In Breaking Women, Jill McCorkel reveals a systematic disempowerment of women that takes place within the penal system in the form of privately run drug treatment programs. McCorkel shares her findings by
beginning with a 1990s political climate that focused on the "get tough" campaign regarding the U.S. penal system. She points out that the gender constructs within our society lead to two approaches to "get tough": Men
are presented as rational actors who intentionally commit crimes while women are viewed as mentally unfit victims who are vulnerable to risky men and poor relationship choices. The author reports that many prison
officials refused to acknowledge "get tough" as a reasonable method with respect to female offenders since it does not appeal to the nature of their gender construct. This attitude resulted in the use of privately led
rehabilitation programs for women as opposed to the strictly controlled environments encouraged for male offenders.
While use of rehabilitative efforts might make it appear that female offenders have a more hopeful future in comparison to male offenders, McCorkel intends to prove that these privately run programs
perpetuate a control over women by "breaking them down." McCorkel identifies this process as the feminine version of the "get tough" crusade. The author explains her theory through the examination of influential
decisions made by state actors, the prison resource crisis, and psychical dilemmas within prisons. A careful evaluation of damaging "habilitative" control strategies and the consequences of this new correction method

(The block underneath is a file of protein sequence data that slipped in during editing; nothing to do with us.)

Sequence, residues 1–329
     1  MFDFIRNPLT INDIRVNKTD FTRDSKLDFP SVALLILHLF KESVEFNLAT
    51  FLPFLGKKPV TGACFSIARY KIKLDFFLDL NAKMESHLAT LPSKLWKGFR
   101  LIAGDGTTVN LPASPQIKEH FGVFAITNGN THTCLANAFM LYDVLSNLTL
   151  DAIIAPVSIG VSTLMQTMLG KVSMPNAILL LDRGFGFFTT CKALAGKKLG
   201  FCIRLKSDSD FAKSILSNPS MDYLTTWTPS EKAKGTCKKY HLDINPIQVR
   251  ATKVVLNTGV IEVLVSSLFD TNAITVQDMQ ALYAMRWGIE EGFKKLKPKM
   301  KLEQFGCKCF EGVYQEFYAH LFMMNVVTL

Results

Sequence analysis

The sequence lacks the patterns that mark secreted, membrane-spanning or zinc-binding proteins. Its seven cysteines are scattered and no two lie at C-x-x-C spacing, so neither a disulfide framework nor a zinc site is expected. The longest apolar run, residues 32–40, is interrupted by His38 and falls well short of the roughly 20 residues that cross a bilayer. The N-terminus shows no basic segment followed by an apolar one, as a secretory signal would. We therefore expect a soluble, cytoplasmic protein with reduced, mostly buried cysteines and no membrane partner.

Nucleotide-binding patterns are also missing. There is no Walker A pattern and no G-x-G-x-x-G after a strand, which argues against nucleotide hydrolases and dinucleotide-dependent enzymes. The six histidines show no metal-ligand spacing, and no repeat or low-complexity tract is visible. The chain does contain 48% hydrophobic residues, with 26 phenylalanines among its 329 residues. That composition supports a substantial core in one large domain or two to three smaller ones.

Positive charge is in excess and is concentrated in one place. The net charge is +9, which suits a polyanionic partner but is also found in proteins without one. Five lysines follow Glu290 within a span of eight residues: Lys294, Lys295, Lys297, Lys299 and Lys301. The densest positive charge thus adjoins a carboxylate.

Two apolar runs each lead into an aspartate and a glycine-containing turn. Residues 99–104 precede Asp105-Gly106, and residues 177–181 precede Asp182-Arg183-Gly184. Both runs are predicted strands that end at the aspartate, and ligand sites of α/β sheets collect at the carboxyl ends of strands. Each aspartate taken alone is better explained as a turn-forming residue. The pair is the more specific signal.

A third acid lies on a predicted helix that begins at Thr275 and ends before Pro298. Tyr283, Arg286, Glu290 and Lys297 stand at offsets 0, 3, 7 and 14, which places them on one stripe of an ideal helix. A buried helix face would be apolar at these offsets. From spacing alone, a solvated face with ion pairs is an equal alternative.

exposes a mechanism that continues the insubordination of women.
The every day life of the institutionalized has always been a source of fasc...
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... arenas upon their release from
The biggest irony of this book is not that the women described here fail, or remain at the bottom--sex discrimination within societal structure has already been doing that since the beginning of time. The most
astonishing revelation is that these privatized programs, which appeared to instill more promise in female offenders, and "go easy" on them in comparison to male offenders did just the opposite. These degrading,
haphazardly designed programs pointed female offenders back in the misguided direction that they originated from while only achieving a political goal of temporarily alleviating the prison population problem. Politicians
were rewarded with a "cure" to the prison overpopulation problem created by their own foolish and boastful legislative language--and female offenders were the ones who paid the price.